What defines a precious metal or stone? Whether it’s used in jewellery, coinage or for industrial applications, a precious element is considered rare, difficult to find and requires a process to mine and refine the ore to something usable.
The status of precious materials can change depending on known mining locations, if more sources are found or if the process for mining and refining the specific ore becomes more cost effective or easier. Precious metals can be formed into larger forms called bullions which are valued on their mass and purity, over their equivalent money face value.
Precious stones or gemstones are crafted from larger mineral crystal structures, although not all jewellery stones are mineral based, they are still considered semi-precious stones. While certain gems carry more “value” than others due to their rarity, most common gemstones are used across numerous jewellery price ranges, from designer to high-street.
What Are the Precious Metals Used in Jewellery?
The most common precious metals used in jewellery manufacturing are gold and silver, although you can also find platinum-based jewellery available for a much higher cost. Not only are these metals soft, making them easy to shape into preferred shapes and designs but they take longer to tarnish in the air than other soft, rare metals. You can see some of the types of creative designs that can be made from precious metals by following this link https://www.tateossian.com/tatgbp/cufflinks/gold-and-precious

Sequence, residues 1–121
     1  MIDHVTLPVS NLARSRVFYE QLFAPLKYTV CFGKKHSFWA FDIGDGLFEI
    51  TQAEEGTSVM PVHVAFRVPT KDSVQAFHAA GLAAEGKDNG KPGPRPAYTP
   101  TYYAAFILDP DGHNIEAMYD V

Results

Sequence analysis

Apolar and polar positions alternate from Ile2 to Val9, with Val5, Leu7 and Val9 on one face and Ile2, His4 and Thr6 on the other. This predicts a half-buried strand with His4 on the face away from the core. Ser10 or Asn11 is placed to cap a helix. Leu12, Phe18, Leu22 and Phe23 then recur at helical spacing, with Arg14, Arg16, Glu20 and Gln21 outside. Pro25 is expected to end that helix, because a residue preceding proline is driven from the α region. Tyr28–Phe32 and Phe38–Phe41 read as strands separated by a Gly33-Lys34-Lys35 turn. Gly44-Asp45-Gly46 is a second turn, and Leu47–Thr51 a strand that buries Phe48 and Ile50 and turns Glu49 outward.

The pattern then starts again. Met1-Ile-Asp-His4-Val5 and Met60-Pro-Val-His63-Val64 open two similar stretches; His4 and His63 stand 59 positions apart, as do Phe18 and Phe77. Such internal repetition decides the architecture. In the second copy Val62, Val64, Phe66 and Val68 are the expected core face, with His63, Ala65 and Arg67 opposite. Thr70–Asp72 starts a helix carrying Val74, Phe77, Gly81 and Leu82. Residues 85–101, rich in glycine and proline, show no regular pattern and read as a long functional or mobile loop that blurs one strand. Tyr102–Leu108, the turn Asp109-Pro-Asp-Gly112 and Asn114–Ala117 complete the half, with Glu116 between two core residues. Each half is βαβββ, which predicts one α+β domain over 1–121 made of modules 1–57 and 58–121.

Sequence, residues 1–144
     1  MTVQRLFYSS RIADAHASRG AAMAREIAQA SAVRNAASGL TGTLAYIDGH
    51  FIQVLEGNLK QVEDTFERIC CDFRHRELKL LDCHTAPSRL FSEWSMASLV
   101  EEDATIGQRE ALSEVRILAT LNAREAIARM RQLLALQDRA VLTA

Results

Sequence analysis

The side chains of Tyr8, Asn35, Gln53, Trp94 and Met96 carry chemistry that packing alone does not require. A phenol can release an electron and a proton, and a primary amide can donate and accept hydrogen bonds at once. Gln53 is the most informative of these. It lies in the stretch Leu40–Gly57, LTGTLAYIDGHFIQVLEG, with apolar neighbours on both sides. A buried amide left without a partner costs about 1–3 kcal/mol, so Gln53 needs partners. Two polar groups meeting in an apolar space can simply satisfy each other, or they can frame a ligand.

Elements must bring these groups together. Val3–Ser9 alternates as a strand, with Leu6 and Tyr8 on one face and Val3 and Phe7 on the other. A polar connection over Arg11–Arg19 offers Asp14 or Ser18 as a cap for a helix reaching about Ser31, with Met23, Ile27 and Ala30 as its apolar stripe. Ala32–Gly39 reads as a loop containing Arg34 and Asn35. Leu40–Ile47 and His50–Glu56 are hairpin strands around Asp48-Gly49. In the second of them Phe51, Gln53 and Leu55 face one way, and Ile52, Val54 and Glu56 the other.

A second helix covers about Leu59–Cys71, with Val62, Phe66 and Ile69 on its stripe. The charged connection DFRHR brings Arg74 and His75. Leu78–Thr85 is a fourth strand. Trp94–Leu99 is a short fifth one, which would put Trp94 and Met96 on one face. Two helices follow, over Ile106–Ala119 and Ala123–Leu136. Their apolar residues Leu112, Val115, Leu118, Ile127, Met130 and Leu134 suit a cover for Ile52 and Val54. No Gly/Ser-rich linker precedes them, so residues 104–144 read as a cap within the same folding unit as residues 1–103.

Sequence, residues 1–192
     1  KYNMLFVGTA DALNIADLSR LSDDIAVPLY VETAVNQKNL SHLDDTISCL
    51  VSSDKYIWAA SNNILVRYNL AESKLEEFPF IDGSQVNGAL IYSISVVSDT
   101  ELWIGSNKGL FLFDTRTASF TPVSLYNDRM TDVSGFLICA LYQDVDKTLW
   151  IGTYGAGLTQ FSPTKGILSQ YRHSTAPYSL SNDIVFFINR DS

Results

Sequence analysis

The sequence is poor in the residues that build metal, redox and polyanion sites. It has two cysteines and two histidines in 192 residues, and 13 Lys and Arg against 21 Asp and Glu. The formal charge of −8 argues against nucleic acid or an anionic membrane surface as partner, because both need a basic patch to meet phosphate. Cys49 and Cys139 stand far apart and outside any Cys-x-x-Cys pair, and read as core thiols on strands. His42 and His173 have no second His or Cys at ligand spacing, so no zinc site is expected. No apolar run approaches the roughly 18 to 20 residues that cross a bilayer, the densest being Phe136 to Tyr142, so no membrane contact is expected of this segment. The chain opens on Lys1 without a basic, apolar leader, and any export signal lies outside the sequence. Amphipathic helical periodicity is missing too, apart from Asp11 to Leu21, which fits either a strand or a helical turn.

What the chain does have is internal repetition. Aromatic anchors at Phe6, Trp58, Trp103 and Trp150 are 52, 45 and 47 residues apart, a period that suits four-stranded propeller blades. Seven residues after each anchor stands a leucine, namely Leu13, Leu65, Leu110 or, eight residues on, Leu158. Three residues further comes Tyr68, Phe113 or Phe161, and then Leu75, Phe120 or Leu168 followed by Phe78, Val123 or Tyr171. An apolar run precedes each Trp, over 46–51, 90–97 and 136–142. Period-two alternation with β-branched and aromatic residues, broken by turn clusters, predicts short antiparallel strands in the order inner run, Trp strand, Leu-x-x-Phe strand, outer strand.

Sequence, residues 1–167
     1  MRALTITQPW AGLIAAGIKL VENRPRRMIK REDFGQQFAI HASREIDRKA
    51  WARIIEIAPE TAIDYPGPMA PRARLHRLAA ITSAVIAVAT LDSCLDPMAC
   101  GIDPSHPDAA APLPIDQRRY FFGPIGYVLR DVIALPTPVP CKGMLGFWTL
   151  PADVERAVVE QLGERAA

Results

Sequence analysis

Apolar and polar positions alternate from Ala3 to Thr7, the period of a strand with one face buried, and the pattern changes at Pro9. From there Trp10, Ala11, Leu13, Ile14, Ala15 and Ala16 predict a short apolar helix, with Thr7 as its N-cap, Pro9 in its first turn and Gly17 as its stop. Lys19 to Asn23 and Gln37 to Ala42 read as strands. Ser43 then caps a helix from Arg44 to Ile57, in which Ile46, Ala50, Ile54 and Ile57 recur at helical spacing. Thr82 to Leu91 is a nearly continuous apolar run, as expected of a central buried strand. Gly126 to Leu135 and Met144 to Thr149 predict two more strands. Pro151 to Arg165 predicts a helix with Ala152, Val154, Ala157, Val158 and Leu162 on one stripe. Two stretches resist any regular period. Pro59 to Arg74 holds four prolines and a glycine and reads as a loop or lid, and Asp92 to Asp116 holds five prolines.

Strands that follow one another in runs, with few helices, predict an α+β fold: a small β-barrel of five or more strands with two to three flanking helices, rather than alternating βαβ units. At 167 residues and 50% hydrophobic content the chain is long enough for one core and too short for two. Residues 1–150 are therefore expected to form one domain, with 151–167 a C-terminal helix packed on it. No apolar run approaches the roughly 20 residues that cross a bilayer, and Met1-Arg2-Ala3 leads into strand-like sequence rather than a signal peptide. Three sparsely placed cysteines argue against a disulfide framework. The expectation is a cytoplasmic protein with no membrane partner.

Gold is naturally a bright yellow metal although when combined with other metals or elements can be coloured in shades of blue, purple, green, grey and black. The most popular colours of gold when used for jewellery are white, yellow and rose golds.
What Are the Precious Stones?
The names precious, semi-precious stones or gemstones covers a huge range of crystals, rocks or organic materials that are used in making jewellery. Specifically, mineral gemstones include Diamond, Ruby, Sapphire and Emerald – which are considered the best and most expensive of the gemstone variety. You may also see jewellery pieces set with garnets, beryl, amethyst, quartz, moonstone and jasper to name just a few.
Organic materials include peals, jet and amber and are formed in different ways – pearls are created under the sea by oysters, jet is a form of decayed wood created under huge pressures and amber is fossilised tree resin.
The remaining gemstones you are familiar with including lapis lazuli, opal and jade are actually considered rocks, although they are made in drastically different ways. Lapis can be mined as is, hydrated amorphous forms of silica are considered opal, while jade is a compound formed from a rich mixture of elements including calcium and tremolite.
Why Do We Use These Materials for Jewellery?
Jewellery has been used since the dawn of mankind, whether it was used for protection or as a status of rank is still to be determined. However, later on during the Bronze era, gold coins and collars were often buried with the owner, so to accompany them on their journey to the afterlife. In some cultures, gold coins were buried with the deceased so to “pay the ferryman” in their next life.
Over time, jewellery of precious metals became a distinct status symbol for the rich or noble although it wasn’t until the mid-17th century did jewellery start containing gemstones of both mineral and organic varieties.
In modern times, jewellery is still a status symbol, however, has become more affordable for the common buyer, including precious metals and stones. Now we tend to use jewellery as a fashion statement, for instance, bracelets and necklaces. Or adorning our outfits with cufflinks, broaches or pins for attending special events and celebrations. It’s also common to see antique or expensive pieces of jewellery getting passed down family lines.